Favianna calls upon the power of symbols as being tremendously effective to activate individuals in cultural change, particularly underscoring the importance of simplicity to connect with wider audiences. Recently, amid fear-based messaging found in anti-immigration posturing, Favianna created a symbol of hope, life, and clarity with the message: “Migration is beautiful.” Regarding this symbolic approach to a hot-button, polarizing issue, Culture Strike says, “The butterfly image and tagline serve as an approachable way to reimagine borders as permeable rather than militarized, reinvigorating a metaphor that many migrants have looked to for generations.”
Looking at a more historic use of symbols/symbolism, Favianna points to the first moon landing in 1969 and the earth’s ‘Blue Marble’ shot of 1972 as important historical and cultural symbols. This latter image, an image of Earth from the outside and unfamiliar perspective of space, galvanized a deeper understanding of our relationship to the universe. In the years that followed, the environmental movement began taking shape. Earth Day was created, along with critical conservation policies such as the Clean Air and Clean Water Acts. Earth Day has since evolved into a cultural ritual to discuss our relationship with the planet, which spurs new ways to interact with our environment.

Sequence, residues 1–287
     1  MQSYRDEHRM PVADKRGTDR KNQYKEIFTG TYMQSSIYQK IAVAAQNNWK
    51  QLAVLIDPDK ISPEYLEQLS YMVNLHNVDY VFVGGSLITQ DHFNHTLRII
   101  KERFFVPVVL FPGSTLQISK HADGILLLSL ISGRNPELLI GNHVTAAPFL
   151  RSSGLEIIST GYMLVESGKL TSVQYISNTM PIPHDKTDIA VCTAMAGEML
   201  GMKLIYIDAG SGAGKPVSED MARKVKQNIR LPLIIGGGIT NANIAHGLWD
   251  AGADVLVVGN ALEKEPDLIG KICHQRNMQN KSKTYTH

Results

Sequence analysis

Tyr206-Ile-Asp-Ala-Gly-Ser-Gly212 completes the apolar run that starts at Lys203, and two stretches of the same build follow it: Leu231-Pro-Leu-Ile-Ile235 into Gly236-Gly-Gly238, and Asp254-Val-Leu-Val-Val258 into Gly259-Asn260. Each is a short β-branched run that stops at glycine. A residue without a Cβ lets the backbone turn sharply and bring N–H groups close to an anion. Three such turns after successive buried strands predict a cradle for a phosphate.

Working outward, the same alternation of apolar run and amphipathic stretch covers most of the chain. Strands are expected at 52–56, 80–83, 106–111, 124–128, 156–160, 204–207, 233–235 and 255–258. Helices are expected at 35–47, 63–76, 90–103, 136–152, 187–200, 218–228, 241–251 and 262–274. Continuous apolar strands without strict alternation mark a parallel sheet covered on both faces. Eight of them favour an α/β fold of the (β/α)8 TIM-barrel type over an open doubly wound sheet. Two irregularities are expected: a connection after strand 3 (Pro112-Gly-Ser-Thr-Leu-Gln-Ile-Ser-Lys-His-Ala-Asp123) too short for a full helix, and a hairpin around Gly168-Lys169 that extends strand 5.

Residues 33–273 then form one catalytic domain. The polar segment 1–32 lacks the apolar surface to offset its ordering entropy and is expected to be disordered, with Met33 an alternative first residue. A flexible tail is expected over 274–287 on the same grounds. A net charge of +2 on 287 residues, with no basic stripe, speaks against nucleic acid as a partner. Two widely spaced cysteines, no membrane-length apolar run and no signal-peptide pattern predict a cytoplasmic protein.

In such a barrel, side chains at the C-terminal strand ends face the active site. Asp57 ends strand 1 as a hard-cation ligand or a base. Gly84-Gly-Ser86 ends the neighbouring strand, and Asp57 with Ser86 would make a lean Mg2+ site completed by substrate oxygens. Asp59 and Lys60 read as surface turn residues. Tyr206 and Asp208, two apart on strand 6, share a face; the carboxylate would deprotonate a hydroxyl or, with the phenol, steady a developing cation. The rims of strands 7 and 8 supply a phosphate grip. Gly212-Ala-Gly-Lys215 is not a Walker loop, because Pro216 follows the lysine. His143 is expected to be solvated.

Using the environmental movement’s cultural evolution as an example, we have seen environmental efforts translate into an emerging and powerful social economy. The for-profit sector is now brimming with eco-friendly business, generating a significant amount of economic prosperity from green and sustainably-minded innovation. Sustainability has created trends in everything from the energy sector to luxury automobiles to fashion brands. Sure, solar panels, Teslas, and Patagonia jackets can be considered trendy — but their success hinges on a market created by the culture of the environmental movement. Most recently, when outdoor retail brands such as Patagonia, REI, Northface, and others publicly criticized the federal government for moves to withdraw millions of acres of public land from protection, these brands are leveraging their political power that is a direct result of the new social economy at plan.